A boy who had moved back to Australia with his mother should rejoin his father and brother in England, the High Court has ruled.
The case concerned a couple who moved to England and then Scotland with their two boys in October 2015.
Just a few months later, however, in January last year, the mother travelled back to Australia for a brief visit. While she was away, the father took the two boys and abruptly relocated to England. They began attending new schools there.
During the subsequent legal wranglings, a key point of contention was the boy’s habitual residence, as this was the metric which would be used to decide where the brothers should live. Was it Australia, Scotland or England?
High Court Judge Mr Justice Keehan came to the conclusion that the siblings had lost their Australian residence but not lived in Scotland for long enough to acquire habitual residence there. At a subsequent hearing he explained his reasoning:
“… the family, as a whole, left Australia on a plan to settle into new life in Scotland – albeit they first came to England and moved to Scotland in October 2015. On the basis of them leaving as a family on a settled plan, agreed between the parents, to begin a new life in Scotland, I was entirely satisfied… that on the facts of this case, taking into account in particular the numerous occasions that the family had moved between Australia and England, that both [the brothers] had lost their habitual residence in Australia by the time the mother’s application [for their return] was made to this court on 6 February 2016.”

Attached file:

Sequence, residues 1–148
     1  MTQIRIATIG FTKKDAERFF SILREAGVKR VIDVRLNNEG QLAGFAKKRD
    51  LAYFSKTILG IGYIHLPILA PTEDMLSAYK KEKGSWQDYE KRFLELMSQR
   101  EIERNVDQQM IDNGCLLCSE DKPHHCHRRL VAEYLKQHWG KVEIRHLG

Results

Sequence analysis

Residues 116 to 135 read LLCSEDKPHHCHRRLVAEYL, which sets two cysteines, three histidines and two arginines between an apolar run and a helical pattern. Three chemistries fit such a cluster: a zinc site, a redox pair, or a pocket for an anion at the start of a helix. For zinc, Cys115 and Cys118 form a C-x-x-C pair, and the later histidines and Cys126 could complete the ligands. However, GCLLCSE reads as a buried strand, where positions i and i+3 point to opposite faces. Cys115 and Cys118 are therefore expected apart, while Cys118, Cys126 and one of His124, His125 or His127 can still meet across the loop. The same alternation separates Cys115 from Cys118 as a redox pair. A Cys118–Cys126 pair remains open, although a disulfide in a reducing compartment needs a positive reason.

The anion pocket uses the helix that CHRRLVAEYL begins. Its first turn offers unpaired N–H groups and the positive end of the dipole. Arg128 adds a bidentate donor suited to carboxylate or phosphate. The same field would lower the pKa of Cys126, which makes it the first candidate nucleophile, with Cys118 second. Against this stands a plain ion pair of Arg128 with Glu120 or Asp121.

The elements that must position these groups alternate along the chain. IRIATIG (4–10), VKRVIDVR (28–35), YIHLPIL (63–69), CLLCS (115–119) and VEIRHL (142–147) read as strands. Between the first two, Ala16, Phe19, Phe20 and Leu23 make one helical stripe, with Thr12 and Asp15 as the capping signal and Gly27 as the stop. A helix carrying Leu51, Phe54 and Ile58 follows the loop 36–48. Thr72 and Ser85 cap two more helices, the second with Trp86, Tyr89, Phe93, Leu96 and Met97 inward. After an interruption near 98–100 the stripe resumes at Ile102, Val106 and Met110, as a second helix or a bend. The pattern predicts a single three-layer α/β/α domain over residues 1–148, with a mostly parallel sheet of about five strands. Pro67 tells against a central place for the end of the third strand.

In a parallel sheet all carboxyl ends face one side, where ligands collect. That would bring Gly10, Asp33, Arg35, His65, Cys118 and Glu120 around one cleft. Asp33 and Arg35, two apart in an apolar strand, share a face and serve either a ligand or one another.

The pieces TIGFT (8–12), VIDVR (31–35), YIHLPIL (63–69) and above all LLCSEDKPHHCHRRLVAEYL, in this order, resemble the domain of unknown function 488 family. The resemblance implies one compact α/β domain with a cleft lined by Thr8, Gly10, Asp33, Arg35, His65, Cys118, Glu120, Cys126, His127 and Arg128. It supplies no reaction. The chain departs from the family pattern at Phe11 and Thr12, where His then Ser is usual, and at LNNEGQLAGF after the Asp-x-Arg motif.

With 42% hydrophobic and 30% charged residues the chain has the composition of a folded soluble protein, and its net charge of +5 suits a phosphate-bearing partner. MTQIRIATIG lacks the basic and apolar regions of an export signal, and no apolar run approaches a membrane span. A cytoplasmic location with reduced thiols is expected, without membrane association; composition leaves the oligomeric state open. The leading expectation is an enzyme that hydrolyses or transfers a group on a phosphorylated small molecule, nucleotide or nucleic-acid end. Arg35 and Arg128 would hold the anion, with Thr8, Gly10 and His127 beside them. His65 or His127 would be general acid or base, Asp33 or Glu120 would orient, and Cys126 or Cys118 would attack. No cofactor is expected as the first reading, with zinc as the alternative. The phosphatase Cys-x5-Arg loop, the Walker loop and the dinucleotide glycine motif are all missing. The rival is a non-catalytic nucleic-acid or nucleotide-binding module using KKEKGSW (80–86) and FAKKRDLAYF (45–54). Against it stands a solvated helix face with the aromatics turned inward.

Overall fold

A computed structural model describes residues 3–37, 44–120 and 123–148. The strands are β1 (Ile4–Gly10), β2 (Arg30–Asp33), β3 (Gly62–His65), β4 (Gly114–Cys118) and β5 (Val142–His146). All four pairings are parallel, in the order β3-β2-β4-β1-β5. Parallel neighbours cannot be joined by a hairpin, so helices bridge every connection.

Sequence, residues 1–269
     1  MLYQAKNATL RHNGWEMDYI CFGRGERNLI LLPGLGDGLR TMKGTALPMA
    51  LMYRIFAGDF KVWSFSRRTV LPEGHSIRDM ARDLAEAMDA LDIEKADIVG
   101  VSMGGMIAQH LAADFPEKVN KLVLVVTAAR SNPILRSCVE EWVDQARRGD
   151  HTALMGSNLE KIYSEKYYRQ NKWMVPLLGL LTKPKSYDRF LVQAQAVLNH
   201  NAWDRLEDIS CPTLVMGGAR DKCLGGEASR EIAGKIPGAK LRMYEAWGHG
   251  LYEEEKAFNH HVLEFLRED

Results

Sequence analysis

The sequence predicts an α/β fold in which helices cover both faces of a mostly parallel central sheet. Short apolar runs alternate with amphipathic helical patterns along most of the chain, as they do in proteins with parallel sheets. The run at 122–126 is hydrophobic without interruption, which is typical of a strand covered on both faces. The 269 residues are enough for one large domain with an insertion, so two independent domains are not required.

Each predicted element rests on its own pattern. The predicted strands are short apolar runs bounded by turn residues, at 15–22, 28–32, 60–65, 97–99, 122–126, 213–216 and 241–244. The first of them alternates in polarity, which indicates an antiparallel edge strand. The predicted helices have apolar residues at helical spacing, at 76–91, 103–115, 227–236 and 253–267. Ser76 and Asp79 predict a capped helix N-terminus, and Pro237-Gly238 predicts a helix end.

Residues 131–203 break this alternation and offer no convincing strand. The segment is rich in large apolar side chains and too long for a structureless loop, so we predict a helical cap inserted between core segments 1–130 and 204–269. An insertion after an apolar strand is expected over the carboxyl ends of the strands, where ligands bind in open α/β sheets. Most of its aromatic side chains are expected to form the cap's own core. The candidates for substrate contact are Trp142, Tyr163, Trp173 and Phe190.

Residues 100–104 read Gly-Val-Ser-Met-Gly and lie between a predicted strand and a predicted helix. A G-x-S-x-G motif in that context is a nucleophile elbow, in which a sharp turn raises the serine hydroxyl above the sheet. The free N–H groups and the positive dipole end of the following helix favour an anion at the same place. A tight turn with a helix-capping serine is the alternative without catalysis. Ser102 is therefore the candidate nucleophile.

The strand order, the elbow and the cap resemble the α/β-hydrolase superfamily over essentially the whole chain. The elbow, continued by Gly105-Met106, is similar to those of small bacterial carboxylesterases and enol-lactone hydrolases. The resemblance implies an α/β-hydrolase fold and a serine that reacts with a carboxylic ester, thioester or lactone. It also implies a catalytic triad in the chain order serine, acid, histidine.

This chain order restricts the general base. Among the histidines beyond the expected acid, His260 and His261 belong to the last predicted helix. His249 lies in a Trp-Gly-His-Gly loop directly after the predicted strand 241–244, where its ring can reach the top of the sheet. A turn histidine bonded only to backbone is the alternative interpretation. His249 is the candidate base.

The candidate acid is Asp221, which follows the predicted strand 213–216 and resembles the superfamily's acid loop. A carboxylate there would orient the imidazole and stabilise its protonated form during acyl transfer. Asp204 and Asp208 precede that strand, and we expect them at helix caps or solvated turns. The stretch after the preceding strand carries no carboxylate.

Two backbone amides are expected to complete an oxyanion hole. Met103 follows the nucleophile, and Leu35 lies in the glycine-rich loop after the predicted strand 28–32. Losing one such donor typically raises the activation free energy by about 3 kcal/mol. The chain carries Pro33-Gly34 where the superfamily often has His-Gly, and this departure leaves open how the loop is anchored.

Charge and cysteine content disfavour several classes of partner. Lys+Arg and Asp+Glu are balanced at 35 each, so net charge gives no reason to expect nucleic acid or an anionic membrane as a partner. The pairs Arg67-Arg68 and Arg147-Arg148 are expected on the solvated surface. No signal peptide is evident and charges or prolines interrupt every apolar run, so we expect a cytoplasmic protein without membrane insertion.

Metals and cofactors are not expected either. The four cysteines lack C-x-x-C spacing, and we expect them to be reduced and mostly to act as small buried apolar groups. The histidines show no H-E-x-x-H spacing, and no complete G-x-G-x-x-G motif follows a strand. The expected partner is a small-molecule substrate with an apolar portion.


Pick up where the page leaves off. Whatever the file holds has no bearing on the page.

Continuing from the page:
In addition, he continued:
“Because of the short and itinerant nature of their time in Scotland, I found that the boys had not acquired that degree of social integration in that remote part of Scotland, and it meant that they had not acquired habitual residence in Scotland.”
Instead they had acquired habitual residence in England.
A family court judge eventually ruled that one of the brothers should return to Australia with his mother. The second did wish to go back and so stayed in the UK with his father. But he was only there for a short time before the father appealed this ruling.
At that point, said Mr Justice Keehan, the first brother’s residence habitual residence remained in England despite his trip back to Australia. He had only been there for a couple of months and lived an unsettled life with his mother.
The High Court Judge overturned the earlier ruling and declared the boy should not remain in Australia but instead return to the UK to live with his father and brother. The mother attempted to appeal this, arguing that the Judge had not properly considered the issue of habitual residence and that the father had pressured the brother into saying he wanted to stay in the UK.
But the boy had consistent in his views, the Judge concluded, and there was no evidence to suggest undue parental pressure.
The Judge explained that the boy had been extremely upset when told that he would have to return to Britain, insisting that he hated his sibling and father. But Mr Justice Keehan was unperturbed.
“That reaction from JL was entirely anticipated by me in the judgment that the news that he was going to have to live with his father and IL in this country, away from his mother, would cause him emotional distress, but I was satisfied, as I remain, that that would be short-lived.”
The family had agreed to undergo counselling and receive support to help them adjust to the new arrangements.
You can read the full ruling here.